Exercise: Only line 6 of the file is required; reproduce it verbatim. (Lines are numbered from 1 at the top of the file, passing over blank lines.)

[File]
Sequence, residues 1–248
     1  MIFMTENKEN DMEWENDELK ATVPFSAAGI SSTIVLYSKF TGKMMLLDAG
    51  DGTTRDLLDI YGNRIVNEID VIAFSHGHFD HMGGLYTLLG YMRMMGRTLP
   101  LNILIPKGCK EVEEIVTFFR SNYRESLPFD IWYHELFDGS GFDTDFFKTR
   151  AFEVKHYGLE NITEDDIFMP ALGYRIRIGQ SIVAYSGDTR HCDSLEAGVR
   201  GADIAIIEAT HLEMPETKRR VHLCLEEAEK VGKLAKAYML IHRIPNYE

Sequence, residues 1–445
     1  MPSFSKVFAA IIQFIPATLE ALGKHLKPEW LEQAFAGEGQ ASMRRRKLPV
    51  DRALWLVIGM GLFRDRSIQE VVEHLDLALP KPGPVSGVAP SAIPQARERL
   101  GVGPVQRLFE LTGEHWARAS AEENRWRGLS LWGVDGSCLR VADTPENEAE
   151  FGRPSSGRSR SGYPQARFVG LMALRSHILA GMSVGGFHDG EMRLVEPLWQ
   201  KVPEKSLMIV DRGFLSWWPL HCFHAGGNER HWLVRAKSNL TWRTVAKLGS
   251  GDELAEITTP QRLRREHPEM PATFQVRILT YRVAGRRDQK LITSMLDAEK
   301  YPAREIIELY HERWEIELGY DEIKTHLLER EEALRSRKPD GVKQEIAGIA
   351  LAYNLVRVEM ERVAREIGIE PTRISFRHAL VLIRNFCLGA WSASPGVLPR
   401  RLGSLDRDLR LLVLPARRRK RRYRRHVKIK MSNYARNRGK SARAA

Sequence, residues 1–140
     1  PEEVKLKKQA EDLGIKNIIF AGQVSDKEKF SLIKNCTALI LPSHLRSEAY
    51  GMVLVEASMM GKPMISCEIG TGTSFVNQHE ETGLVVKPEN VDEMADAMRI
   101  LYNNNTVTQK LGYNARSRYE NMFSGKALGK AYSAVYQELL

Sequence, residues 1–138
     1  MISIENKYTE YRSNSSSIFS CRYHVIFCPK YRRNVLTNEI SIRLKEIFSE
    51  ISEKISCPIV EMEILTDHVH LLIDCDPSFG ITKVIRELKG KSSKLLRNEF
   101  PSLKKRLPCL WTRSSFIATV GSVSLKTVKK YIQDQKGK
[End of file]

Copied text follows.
   201  GADIAIIEAT HLEMPETKRR VHLCLEEAEK VGKLAKAYML IHRIPNYE